By: Michelle Guthrie & Caleb Fox
It was a chilly February evening last Wednesday in Edmonton, but the Starlite Room was heating up for hailed Liverpool musician Banners and his powerhouse solo opener Tor Miller. Enthuse staff members and fans Caleb Fox and Michelle Guthrie lined up outside the iconic Starlite gates, eagerly awaiting doors and front row spots.
By: Caleb Fox
Very seldom has a young artist excited me as much as Tor Miller. The 22-year-old musician hailing from Manhattan captured my attention when he released his debut EP in February of 2015, and then cemented my love with his first full-length album American English last September. Miller’s music cannot be pinned down to a singular genre, yet his sound still is cohesive and unified. It helps that he has one of the most incredible voices I’ve ever heard, with a huge range and control over every note he sings. Finding out that Miller was touring with fantastic British artist Banners had my friends and I showing up at the Starlite Room three and a half hour before the doors even opened to secure the first spot in line.
It was certainly a long wait, but the moment Miller took the stage we knew it had been worthwhile. Performing completely solo, Miller enchanted the audience just by playing an electronic piano, with only a small green mixer at his side. His opening number, the gospel-inspired ballad “The Dirt” carries waves of emotion and made clear to the audience that his stunning voice was all he needed to carry the show. From there, Miller effortlessly breezed through a 45-minute set, spanning high energy pop style songs such as “Surrender,” and the piano-driven “Baby Blue,” which shows just how wide the young man’s range really is. Though I imagine it would be easy for Miller to get lost in his music, he never forgot his audience, frequently smiling at his fans in the front row while they sang along, and when asking whether to play a fast or slow song, even taking my personal request for the gorgeous “Washington Square Park.”
By the time his phenomenal set closed with his catchy single “Carter and Cash,” it was clear that Miller had won many new fans in the cheering crowd. He announced that he’d be selling his own merchandise after the show, and as we rushed over to the stand at the end of the night, we were happy to see the long line of people waiting to meet him. Another line bore another worthwhile wait. While signing autographs and taking photos, Miller was kind, humble and friendly. And when he told me how much he appreciated me singing all the lyrics to his songs along with him at the front of the stage, he made my night.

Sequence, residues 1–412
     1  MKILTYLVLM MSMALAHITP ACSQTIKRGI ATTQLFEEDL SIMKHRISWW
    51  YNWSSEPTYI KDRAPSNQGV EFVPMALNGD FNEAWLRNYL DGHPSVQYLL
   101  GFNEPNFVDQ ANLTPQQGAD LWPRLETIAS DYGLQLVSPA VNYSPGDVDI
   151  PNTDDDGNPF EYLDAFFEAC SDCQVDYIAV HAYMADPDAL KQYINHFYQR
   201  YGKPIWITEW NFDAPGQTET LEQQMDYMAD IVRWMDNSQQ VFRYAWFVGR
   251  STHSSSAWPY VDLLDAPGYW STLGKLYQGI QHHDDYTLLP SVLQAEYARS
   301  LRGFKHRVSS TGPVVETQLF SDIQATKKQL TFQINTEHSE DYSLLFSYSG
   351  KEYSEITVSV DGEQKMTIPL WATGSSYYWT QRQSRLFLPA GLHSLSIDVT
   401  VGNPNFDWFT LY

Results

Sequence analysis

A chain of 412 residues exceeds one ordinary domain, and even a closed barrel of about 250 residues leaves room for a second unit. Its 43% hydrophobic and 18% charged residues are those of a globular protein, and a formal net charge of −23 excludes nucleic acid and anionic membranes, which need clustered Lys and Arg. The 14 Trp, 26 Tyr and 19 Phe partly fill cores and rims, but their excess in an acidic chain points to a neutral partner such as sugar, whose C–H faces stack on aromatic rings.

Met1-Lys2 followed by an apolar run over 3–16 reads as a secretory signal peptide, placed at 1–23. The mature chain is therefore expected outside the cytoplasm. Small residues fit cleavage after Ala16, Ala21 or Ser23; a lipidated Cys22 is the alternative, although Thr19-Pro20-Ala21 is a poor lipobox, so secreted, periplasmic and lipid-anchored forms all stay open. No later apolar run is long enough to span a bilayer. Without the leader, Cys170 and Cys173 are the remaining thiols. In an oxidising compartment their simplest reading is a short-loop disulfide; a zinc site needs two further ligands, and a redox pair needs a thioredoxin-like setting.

It’s not often that an opener is just as, if not more exciting than the main artist at a concert, but Tor Miller was easily the best opening act I’ve ever seen, and the best up and coming artist I’ve ever heard. Hopefully, he has many more shows to come.
By: Michelle Guthrie
After Miller’s outstanding performance, Banners (Michael Nelson) and his touring band took to the stage in front of the roaring sold out crowd. Nelson, always friendly and down to earth, naturally weaved his soft but rippling pop anthems with conversation and interaction with the crowd. At one point he asked the audience, “so what’s the most exciting part about Edmonton?” which was met with silence followed by someone shouting, “NOTHING!” The small conversations, though light and seemingly going nowhere, added a certain closeness and charm to the concert.
His touring band are a sassy energetic bunch. As soon as the keyboardist got on stage, he leaned forward and stared into the cheering crowd until they got uncomfortable — then he laughed. Between songs, the bassist and guitarist were whispering to each other and when Nelson asked them what they were talking about, the bassist said, “we were just talking about how great you are…” But above all, the band’s overall harmonization, particularly during “Gold Dust,” was outstanding and goosebump-worthy.
Though Banners has only put out a 5-song EP and 3 singles, he was able to give a fair amount of show time. Halfway through, he debuted an unreleased single saying half-jokingly, “it’s up to you Edmonton, if this sucks then…I won’t release it.” It proved to be as upbeat and single-worthy as the popular “Shine a Light.”
Finally, for the encore, the band ended with the hauntingly beautiful “Ghosts” and their ever anthemic single “Shine a Light.” For a band that has a softer sound, Banners was overall able to put on a show chock full of catchy and electric hooks, build a connection with his audience, and leave fans anticipating his full-length album.
The intimacy of this show, and the atmosphere both musicians were able to create for their fans, was incredible. Tor Miller was able to go on stage by himself with merely a keyboard and a small mixer and deliver the most stadium-worthy and powerful vocal performance we have ever experienced. Banners took the short time he had to connect with the audience and perform music that was both breathtaking and electrifying. Next time either Tor Miller or Banners tours nearby, we highly recommend you give them a shot.
(Featured Photo By Alea Ostry)